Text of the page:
|Have no simple
"right" answer; they are meant to be argued.
Essential Questions yield inquiry and argument - a
variety of plausible (and arguable) responses, not
straightforward facts that end the matter. They serve as
doorways into focused yet lively inquiry and research. They
should uncover rather than cover the subject's
controversies, puzzles, and perspectives. They are intended
to result in conclusions drawn by the learner, not recited
facts. For example, Does art reflect culture or help to
shape it? Can we look but not see? Why do "seers" see what
the rest of us don't? Does the artist see more clearly or
|Are designed to provoke and sustain
student inquiry, while focusing learning and final performances.
Essential Questions work best when they are designed and
edited to be thought provoking to students, engaging them in
sustained, focused inquiries that culminate in important
performance. Such questions often involve the
counterintuitive, the visceral, the whimsical, the
controversial, the provocative. For example, Is the Internet
dangerous for kids? Are censorship and democracy compatible?
Does food that is good for you have to taste bad? Why write?
Students develop and deepen their understanding of important
ideas as they explore these questions.
|Often address the conceptual or
philosophical foundations of a discipline.
Essential questions reflect the most historically
important issues, problems, and debates in a field of study.
For example, Is history inevitably biased? What is a proof?
Nature or nurture? By examining such questions, students are
engaged in thinking like an expert.
|Raise other important questions
Thought-provoking Essential Questions are naturally
generative. They lead to other important questions within,
and sometimes across, subject boundaries. For example, In
nature, do only the strong survive? leads to What do we mean
by strong? Are insects strong (since they are survivors)?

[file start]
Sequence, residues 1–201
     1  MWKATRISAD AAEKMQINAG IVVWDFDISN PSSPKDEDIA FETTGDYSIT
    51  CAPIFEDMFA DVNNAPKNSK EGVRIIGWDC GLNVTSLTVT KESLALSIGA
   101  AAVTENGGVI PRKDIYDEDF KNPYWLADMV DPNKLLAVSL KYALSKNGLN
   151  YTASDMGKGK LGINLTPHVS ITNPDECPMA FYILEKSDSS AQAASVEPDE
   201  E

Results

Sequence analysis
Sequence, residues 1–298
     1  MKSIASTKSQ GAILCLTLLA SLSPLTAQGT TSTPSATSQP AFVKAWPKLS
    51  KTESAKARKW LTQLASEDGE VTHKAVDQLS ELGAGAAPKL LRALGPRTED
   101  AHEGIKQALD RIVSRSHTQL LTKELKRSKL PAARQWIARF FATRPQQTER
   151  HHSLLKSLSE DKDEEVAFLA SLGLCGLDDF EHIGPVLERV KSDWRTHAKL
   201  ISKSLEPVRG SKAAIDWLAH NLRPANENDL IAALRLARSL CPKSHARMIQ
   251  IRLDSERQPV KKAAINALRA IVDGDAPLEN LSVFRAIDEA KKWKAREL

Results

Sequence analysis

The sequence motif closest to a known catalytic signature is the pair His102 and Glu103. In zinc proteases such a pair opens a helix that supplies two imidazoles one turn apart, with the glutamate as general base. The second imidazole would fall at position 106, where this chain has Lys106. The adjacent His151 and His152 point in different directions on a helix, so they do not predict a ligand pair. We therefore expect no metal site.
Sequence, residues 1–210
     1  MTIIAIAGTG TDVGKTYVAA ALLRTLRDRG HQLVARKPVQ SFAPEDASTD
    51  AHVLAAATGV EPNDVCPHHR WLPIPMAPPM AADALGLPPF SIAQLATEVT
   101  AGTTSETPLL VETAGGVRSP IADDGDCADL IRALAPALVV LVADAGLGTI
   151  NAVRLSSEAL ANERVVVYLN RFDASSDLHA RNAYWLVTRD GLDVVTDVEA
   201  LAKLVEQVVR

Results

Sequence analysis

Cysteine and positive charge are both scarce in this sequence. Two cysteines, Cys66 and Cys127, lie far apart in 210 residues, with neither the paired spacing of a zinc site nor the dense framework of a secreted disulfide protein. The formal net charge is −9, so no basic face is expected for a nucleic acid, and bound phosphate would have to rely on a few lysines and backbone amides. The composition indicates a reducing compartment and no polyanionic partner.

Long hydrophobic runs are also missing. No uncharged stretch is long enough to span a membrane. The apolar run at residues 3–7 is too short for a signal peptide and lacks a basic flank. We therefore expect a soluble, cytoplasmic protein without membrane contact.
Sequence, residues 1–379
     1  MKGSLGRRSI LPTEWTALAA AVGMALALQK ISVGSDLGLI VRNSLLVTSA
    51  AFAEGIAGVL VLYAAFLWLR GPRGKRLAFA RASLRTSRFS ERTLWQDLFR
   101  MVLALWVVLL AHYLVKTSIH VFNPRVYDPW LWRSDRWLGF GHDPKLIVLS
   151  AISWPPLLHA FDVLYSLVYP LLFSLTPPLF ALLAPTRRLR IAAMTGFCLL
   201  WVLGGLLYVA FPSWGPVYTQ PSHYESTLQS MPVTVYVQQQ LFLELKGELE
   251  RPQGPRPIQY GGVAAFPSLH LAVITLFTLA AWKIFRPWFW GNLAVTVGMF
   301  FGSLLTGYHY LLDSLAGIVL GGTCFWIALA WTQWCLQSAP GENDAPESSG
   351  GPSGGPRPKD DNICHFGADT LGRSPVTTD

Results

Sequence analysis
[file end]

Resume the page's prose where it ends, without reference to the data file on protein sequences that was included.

What does it mean to be psychologically strong? Inquiries
into human biology and the physics of physiology also
|Naturally and appropriately recur.
The same important questions are asked and asked again
throughout one's learning and in the history of the field.
For example, What makes a great book great? Are the Harry
Potter novels great books? These questions can be
productively examined and reexamined by 1st graders as well
as college students. Over time, student responses become
more sophisticated, nuanced, well-reasoned, and supported as
their understandings deepen.
|Stimulate vital, ongoing rethinking of big
ideas, assumptions, and prior lessons.
Essential questions challenge our unexamined assumptions,
the inevitable simplification of our earlier learning, and
the arguments we may unthinkingly take for granted. They
force us to ask deep questions about the nature, origin, and
extent of our understanding. For example, In light of
fractions, place value, irrationals, and negative square
roots -- what is a number? Is it "democratic" to have an
electoral college? What IS a friend? Can the enemy of my
enemy be my friend? What is a story, if a story has no clear
plot or moral? Is history more of a story than a science?
What is the implications for studying history, if so?